You can download them on the Google Play store and check them out – and see how they feel like any other native apps. 

You would be forgiven for assuming that these are lighter, leaner versions of their main native apps. As you might have guessed though – they are progressive web apps. 

This goes to show the potential of PWAs for recreating the native app experiences we all know and love. When we get onto the examples a little later, you’ll see exactly what we mean! 

Note: you may have noticed that these PWAs are live on the Google Play store. Google opened the Play Store to PWAs in early 2019! This shows how confident they are about the future of PWAs as truly cross platform applications. You have to jump through a few hoops to get your PWA on there, but it is certainly possible. As of now, there is no information from Apple about whether this will ever be possible on the iOS App Store.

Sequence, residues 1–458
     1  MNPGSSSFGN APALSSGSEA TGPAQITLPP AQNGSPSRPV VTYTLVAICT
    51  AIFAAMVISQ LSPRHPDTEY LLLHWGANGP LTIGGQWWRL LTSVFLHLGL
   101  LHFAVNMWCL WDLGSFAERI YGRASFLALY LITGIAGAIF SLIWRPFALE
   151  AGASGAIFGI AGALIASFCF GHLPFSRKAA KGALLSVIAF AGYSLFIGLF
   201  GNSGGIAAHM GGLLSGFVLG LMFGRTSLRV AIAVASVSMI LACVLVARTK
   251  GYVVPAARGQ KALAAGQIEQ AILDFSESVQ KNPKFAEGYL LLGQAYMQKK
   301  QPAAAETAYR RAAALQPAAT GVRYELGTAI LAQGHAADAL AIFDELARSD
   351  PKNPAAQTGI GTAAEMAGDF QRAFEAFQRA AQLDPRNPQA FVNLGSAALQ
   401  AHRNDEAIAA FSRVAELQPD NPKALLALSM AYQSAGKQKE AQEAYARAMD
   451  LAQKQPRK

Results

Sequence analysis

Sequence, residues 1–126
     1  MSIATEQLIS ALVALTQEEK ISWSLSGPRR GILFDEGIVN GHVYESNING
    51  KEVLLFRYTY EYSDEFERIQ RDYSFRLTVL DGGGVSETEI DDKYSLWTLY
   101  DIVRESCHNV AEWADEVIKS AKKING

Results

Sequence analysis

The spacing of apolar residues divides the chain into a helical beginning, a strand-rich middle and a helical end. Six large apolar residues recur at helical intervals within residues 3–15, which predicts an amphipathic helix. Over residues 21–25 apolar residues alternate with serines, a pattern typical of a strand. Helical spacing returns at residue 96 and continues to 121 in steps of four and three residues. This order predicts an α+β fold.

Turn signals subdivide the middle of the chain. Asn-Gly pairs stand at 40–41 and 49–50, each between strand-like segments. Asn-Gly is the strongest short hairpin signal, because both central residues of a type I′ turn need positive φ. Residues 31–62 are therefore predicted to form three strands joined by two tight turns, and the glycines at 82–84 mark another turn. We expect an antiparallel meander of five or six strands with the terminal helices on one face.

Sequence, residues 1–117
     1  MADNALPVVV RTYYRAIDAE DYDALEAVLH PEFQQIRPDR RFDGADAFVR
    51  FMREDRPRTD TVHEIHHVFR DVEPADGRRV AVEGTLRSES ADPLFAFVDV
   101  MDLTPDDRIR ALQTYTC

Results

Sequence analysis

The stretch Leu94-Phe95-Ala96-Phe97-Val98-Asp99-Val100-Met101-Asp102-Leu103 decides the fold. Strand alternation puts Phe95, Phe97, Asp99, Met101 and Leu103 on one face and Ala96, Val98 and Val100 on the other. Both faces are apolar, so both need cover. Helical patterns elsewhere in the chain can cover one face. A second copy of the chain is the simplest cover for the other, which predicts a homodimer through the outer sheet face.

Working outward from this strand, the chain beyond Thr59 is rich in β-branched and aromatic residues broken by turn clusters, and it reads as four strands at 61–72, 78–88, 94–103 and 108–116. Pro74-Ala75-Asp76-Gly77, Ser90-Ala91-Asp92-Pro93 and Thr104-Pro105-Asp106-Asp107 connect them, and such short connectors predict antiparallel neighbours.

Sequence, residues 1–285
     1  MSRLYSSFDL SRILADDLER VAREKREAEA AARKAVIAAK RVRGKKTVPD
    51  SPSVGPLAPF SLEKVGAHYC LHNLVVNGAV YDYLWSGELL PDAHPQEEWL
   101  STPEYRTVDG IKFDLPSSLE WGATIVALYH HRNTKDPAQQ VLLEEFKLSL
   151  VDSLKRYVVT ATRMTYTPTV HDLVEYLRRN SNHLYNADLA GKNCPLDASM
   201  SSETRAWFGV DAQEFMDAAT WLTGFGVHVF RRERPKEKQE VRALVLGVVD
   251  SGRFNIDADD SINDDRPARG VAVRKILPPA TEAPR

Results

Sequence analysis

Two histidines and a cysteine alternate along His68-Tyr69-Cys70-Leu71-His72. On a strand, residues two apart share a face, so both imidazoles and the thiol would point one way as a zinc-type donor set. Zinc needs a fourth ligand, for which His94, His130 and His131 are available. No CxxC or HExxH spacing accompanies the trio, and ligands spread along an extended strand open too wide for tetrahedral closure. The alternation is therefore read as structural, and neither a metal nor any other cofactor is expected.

PWAs are Reliable 

We’ve all had the experience of trying to use a website or web app on a shaky mobile connection. It isn’t fun. 

Thanks again to service workers, that define specifically what the browser should cache locally – PWAs can be built to offer a fast, full experience even when the user has poor connectivity. 

This can be taken a step further too. Through “precaching”, which is when the whole application is downloaded and stored on first visit, PWAs can also function completely offline!

This is really important, when you consider how many people still live in rural and poorly served areas, and the billion or so people coming online for the first time over the next few years – many of whom will not enjoy flawless connectivity.

PWAs are Secure, Efficient and Adaptable